Modern drug discovery has embraced in vitro platforms that enable investigation of large numbers of compounds within tractable timeframes and for feasible costs. These endeavors have been greatly aided in recent years by advances in molecular and cell-based methods such as gene delivery and editing technology, advanced imaging, robotics, and quantitative analysis. As such, the examination of phenotypic impacts of novel molecules may only be limited by the size of the compound collection. Innate immune signaling processes in mammalian cells are especially amenable to high-throughput screening platforms since the cellular responses elicited by their activation often result in high level transcription that can be harnessed in the form of bioluminescent or fluorescent signal. In addition, targeted activation of innate immune pathways represents a valuable therapeutic strategy applicable to multiple chronic and acute human diseases. Herein, we describe the optimization and utilization of a high-throughput screening method using human reporter cells reactive to stimulation of the type I interferon response. Importantly, the principles and methods described can be applied to adherent reporter cells of diverse derivation and innate signaling pathway readouts.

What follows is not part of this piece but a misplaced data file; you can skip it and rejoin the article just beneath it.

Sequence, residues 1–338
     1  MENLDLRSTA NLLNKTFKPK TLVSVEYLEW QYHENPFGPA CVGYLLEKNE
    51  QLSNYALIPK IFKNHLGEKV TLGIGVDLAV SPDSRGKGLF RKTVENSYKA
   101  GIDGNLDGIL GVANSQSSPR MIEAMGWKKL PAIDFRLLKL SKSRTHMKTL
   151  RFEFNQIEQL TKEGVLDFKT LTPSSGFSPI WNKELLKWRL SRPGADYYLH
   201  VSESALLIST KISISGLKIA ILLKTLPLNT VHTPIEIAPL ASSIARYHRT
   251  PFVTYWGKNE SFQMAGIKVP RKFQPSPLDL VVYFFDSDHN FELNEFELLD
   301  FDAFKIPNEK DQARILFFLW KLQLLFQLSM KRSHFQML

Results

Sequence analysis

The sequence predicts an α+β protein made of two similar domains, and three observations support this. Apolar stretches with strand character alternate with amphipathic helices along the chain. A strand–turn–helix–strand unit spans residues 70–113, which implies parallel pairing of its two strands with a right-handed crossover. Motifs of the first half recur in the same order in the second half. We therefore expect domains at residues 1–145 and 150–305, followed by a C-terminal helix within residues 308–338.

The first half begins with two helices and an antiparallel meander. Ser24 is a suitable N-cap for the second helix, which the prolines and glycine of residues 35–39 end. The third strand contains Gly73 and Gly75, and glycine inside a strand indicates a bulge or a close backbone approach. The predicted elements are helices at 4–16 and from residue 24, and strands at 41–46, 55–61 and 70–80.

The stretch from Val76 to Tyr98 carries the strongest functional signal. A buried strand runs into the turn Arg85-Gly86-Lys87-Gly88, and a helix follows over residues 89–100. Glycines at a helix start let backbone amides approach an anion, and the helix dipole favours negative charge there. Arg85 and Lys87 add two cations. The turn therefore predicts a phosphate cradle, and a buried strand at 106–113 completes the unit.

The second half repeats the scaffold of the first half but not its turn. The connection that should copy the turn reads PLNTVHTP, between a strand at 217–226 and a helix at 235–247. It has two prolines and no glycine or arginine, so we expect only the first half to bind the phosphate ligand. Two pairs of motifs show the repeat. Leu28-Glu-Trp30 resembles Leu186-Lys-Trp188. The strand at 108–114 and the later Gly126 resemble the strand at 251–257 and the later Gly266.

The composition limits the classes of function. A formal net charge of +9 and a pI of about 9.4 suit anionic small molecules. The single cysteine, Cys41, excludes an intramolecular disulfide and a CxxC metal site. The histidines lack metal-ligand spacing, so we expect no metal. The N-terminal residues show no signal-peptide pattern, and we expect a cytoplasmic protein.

STING Drug discovery High-throughput screening Innate immunity Signaling
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